Spotlight on The Met Cloisters

Three iconic locations in New York City are home to The Metropolitan Museum of Art, one of which is The Met Cloisters. You’ll find it on Margaret Corbin Drive in Fort Tryon Park in northern Manhattan. The Met Cloisters brings together more than 2,000 incredible works of art, architecture, and sculpture that embody medieval Europe.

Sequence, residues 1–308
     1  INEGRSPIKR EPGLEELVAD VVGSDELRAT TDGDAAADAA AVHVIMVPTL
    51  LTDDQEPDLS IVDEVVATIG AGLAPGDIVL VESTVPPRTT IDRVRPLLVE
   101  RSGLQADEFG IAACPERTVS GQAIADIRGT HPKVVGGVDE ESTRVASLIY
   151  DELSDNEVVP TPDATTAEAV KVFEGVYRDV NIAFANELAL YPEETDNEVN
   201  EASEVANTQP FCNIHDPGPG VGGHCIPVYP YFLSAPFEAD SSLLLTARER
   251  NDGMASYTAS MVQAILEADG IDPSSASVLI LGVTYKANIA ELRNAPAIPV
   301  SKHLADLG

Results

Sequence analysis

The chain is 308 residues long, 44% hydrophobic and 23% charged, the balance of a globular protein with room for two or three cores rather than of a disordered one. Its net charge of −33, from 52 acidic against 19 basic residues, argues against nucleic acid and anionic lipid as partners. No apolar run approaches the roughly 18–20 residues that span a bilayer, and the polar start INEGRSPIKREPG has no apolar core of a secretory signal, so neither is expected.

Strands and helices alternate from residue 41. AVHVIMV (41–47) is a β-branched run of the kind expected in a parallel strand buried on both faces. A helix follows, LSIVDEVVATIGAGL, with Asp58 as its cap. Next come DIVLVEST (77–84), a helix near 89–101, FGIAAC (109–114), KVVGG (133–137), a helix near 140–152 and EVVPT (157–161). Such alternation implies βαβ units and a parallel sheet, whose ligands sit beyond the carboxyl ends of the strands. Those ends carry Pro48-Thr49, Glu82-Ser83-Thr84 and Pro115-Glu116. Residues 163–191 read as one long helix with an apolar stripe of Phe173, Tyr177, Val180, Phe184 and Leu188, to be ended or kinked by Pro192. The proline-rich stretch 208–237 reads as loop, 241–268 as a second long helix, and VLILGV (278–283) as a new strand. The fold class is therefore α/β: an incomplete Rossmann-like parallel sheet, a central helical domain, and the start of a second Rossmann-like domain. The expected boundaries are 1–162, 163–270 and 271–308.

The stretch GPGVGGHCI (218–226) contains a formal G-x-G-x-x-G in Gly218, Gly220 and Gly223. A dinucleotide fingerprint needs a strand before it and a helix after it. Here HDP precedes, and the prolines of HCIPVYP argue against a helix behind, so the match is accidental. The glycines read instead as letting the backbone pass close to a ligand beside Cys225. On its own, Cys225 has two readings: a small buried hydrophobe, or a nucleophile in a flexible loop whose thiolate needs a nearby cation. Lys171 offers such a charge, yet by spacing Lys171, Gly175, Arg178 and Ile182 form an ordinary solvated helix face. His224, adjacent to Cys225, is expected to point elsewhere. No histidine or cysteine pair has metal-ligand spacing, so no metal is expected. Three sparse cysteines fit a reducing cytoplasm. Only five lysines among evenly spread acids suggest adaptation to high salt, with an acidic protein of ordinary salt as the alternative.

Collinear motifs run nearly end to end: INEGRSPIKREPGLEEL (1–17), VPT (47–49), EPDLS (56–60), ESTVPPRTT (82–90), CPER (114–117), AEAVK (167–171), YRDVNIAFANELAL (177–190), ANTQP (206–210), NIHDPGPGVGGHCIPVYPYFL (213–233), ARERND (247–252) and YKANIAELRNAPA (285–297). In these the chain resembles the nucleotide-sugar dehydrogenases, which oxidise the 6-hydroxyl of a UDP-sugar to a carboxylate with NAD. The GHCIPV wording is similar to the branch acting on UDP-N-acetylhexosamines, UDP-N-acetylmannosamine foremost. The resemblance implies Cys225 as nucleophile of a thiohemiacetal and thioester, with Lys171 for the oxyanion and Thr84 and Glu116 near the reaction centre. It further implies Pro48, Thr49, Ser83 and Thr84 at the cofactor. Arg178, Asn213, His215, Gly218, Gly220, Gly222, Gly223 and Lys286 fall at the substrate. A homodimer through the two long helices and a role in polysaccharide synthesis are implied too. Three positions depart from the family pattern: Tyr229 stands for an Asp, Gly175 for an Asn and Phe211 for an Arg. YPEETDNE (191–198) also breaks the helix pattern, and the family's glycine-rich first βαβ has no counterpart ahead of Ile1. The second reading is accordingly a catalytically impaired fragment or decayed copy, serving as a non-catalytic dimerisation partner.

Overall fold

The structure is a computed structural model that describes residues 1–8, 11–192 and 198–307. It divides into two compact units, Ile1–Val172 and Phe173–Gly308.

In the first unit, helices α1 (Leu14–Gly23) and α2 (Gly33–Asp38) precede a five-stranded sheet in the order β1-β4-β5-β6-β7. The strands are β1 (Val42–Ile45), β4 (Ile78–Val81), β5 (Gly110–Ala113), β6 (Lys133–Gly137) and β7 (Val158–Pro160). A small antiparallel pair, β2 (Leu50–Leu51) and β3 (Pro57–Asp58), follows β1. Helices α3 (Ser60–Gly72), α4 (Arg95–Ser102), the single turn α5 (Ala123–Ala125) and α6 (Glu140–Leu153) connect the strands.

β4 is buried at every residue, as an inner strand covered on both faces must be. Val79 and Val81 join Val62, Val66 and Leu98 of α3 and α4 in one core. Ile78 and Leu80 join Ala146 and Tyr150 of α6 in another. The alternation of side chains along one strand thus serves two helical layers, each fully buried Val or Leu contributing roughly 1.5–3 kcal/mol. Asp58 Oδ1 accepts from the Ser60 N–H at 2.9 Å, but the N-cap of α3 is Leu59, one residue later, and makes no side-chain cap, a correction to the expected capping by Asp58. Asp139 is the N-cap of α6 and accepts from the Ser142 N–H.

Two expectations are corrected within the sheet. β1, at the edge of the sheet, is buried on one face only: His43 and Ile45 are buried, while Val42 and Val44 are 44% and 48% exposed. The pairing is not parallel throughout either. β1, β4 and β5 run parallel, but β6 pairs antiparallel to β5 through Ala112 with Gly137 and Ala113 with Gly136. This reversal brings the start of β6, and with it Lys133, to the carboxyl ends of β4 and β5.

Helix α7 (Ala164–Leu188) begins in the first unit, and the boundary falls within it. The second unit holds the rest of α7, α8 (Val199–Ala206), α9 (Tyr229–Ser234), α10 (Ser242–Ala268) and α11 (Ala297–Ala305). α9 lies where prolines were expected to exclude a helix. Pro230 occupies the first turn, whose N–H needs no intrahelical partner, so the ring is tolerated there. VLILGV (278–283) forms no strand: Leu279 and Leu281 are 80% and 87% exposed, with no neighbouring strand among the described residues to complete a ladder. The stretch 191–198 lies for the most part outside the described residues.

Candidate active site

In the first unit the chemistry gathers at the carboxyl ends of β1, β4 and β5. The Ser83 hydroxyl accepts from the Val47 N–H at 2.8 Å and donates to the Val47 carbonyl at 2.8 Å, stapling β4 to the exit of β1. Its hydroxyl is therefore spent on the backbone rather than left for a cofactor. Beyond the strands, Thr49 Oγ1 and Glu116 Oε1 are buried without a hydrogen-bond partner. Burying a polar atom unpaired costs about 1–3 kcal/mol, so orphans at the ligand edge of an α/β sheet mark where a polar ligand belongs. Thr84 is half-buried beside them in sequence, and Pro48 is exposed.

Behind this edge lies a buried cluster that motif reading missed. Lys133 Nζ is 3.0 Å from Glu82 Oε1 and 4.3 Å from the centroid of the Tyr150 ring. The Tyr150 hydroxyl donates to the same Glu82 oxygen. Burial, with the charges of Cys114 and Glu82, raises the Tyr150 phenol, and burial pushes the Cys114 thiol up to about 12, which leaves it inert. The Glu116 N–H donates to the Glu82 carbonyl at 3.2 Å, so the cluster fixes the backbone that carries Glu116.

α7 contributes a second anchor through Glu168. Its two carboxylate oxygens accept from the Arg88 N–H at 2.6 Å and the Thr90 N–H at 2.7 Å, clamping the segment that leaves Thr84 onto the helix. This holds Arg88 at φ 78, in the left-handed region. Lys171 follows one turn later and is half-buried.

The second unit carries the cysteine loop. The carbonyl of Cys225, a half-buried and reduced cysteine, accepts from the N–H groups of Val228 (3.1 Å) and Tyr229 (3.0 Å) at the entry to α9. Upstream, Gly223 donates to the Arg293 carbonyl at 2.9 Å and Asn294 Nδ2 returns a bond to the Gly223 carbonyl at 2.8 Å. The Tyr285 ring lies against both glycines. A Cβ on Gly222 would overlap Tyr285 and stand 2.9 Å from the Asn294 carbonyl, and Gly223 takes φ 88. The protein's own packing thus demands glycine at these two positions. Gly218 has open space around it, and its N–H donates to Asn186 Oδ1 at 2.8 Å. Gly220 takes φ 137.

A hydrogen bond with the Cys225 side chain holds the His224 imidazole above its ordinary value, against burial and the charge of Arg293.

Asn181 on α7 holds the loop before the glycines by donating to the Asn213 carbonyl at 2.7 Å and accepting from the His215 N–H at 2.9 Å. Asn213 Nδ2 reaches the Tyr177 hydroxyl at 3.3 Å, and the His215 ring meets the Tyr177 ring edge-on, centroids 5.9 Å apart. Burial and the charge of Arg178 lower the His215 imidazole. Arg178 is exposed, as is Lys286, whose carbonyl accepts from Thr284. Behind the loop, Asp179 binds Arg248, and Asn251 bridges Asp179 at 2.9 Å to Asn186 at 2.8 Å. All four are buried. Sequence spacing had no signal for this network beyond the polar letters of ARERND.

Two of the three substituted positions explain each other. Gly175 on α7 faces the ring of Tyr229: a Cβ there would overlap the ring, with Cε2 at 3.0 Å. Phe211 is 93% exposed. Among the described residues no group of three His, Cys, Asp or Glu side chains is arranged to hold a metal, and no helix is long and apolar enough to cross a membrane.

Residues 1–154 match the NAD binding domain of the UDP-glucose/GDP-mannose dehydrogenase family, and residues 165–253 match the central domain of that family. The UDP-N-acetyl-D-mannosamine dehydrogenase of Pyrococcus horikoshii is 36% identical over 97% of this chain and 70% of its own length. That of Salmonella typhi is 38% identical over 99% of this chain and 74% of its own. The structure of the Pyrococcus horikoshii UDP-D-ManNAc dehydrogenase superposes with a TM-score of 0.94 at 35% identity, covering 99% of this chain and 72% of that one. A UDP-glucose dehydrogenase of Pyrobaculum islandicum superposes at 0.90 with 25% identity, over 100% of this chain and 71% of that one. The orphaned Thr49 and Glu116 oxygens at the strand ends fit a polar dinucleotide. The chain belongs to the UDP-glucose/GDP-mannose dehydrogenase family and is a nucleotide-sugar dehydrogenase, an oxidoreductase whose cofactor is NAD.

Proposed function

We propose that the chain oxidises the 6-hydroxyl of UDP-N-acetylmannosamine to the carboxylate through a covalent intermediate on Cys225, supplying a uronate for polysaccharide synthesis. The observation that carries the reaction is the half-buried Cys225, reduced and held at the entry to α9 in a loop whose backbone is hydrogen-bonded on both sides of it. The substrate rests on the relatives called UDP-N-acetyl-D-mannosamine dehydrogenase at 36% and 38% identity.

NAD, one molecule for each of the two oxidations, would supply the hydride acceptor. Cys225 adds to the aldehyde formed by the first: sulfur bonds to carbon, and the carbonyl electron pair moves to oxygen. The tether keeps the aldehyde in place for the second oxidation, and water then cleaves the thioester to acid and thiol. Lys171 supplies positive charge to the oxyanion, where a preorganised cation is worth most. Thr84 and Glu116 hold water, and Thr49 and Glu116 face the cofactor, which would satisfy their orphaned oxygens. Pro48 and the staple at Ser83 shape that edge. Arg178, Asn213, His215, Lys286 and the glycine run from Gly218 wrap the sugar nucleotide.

Throughout the years, The Met Cloisters has benefitted from the philanthropy of some notable figures, including John D. Rockefeller, who donated the museum site in 1930. There are four cloisters in this clustering of buildings. The Cuxa, Saint-Guilhelm, Bonnefont, and Trie cloisters were originally built in Europe. After being purchased by an American sculptor, the cloisters were dismantled and moved to New York during the 1930s. John D. Rockefeller purchased the cloisters and donated them to The Met. Today, modern New Yorkers and visitors can view the cloisters and their fantastic artwork seven days per week. The general admission ticket will grant access to all three Met sites for three consecutive days.

 

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